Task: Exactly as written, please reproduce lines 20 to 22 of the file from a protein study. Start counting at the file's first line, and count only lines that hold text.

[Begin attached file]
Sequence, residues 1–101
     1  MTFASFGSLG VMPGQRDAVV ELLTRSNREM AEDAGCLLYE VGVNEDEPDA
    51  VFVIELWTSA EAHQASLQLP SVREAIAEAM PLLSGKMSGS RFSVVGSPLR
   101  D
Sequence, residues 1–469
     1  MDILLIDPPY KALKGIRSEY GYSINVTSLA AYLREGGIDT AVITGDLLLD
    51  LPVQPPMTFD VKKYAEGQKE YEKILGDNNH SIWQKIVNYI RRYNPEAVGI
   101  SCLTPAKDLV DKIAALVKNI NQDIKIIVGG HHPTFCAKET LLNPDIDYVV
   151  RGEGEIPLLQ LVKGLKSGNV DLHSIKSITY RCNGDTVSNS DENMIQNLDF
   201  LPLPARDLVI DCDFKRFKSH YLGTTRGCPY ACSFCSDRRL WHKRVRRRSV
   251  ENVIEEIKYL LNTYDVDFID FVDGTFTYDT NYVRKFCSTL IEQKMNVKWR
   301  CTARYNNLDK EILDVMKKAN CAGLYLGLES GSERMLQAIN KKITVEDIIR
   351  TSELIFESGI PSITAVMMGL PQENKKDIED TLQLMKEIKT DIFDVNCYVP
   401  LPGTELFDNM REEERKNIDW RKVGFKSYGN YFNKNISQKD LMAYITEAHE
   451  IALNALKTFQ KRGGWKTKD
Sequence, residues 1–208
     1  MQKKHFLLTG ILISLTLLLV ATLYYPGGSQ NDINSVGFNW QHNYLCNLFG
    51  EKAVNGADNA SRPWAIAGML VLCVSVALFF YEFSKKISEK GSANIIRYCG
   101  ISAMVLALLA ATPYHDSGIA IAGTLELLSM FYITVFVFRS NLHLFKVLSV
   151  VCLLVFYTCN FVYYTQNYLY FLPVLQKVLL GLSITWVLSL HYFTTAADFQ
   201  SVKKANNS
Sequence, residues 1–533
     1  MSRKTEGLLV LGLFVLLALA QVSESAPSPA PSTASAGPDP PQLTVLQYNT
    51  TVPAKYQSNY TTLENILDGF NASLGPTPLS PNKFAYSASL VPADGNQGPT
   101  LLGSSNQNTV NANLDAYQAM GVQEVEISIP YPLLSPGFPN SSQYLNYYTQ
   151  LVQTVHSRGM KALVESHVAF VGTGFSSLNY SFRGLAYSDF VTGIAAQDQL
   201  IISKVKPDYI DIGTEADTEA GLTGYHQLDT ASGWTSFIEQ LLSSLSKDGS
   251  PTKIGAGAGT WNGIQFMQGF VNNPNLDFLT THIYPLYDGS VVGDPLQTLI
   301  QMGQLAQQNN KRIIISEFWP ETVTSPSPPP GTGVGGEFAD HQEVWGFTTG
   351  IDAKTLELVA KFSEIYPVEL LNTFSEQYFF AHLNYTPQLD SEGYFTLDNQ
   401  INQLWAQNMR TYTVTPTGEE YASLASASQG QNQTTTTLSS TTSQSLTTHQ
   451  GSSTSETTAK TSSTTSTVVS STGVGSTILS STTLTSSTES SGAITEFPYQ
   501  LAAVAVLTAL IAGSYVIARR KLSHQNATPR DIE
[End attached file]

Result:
   151  VCLLVFYTCN FVYYTQNYLY FLPVLQKVLL GLSITWVLSL HYFTTAADFQ
   201  SVKKANNS
Sequence, residues 1–533